According to Sereno (1993), Herrerasaurus can be distinguished based on the following features, all of which are unknown in other herrerasaurids: a circular pit is present on the humeral ectepicondyle, a feature also present in Saturnalia; a saddle-shaped ulnar condyle of the humerus, and the articular surface for the ulnare on the ulna is convex; the articular surface of the ulnare is smaller than that of the ulna, a feature unknown in Staurikosaurus and Sanjuansaurus; the centrale is placed distal to the radiale; a broad subnarial process of the premaxilla, and a broad supratemporal depression (noted by Sereno and Novas, 1993); the basal tuber and the occipital condyle are subequal in width (noted by Sereno and Novas, 1993)
Herrerasaurus was named by paleontologist Osvaldo Reig after Victorino Herrera, an Andean goatherd who first noticed its fossils in outcrops near the city of San Juan, Argentina in 1959. These rocks, which later yielded Eoraptor, are part of the Ischigualasto Formation and date from the late Ladinian to early Carnian stages of the Late Triassic period. Reig named a second dinosaur from these rocks in the same publication as Herrerasaurus; this dinosaur, Ischisaurus cattoi, is now considered a junior synonym and a juvenile of Herrerasaurus.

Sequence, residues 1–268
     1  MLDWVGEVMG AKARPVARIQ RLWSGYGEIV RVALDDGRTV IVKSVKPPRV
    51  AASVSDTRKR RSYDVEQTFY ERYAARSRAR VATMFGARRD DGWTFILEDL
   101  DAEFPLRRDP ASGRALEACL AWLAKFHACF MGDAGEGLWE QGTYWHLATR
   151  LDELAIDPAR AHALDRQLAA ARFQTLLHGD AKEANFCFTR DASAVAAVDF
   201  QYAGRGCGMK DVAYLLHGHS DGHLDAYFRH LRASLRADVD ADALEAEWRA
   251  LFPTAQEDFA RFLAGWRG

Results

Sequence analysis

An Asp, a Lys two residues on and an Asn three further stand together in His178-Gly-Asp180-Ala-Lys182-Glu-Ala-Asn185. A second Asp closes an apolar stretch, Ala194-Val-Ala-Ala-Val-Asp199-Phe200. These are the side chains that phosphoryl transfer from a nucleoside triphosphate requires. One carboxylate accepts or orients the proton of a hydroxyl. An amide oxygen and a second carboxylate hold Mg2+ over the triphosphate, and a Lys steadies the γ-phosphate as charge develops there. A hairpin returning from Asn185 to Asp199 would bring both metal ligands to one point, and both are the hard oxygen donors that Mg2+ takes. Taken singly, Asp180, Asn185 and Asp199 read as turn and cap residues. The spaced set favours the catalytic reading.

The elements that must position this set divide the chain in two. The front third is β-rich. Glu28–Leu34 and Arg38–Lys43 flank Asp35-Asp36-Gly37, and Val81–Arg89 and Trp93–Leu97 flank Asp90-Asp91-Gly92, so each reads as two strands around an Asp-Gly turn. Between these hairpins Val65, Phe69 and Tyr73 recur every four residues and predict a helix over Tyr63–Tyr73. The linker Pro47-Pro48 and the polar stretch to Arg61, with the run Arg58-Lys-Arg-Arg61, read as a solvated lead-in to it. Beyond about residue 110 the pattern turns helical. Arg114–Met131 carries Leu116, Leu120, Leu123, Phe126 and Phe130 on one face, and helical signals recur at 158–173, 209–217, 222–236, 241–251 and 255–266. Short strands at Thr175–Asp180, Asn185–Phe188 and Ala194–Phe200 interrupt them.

Reig believed Herrerasaurus was an early example of a carnosaur, but this was the subject of much debate over the next 30 years, and the genus was variously classified during that time. In 1970, Steel classified Herrerasaurus as a prosauropod. In 1972, Peter Galton classified the genus as not diagnosable beyond Saurischia. Later, using cladistic analysis, some researchers put Herrerasaurus and Staurikosaurus at the base of the dinosaur tree before the separation between ornithischians and saurischians. Several researchers classified the remains as non-dinosaurian.
Two other partial skeletons, with skull material, were named Frenguellisaurus ischigualastensis by Fernando Novas in 1986, but this species too is now thought to be a synonym. Frenguellisaurus ischigualastensis was discovered in 1975, and was described by Novas (1986) who considered it a primitive saurischian, and possibly a theropod. Novas (1992) and Sereno and Novas (1992) examined the Frenguellisaurus remains and found them referable to Herrerasaurus. Ischisaurus cattoi was discovered in 1960 and described by Reig in 1963. Novas (1992) and Sereno and Novas (1992) reviewed its remains and found them to be referable to Herrerasaurus.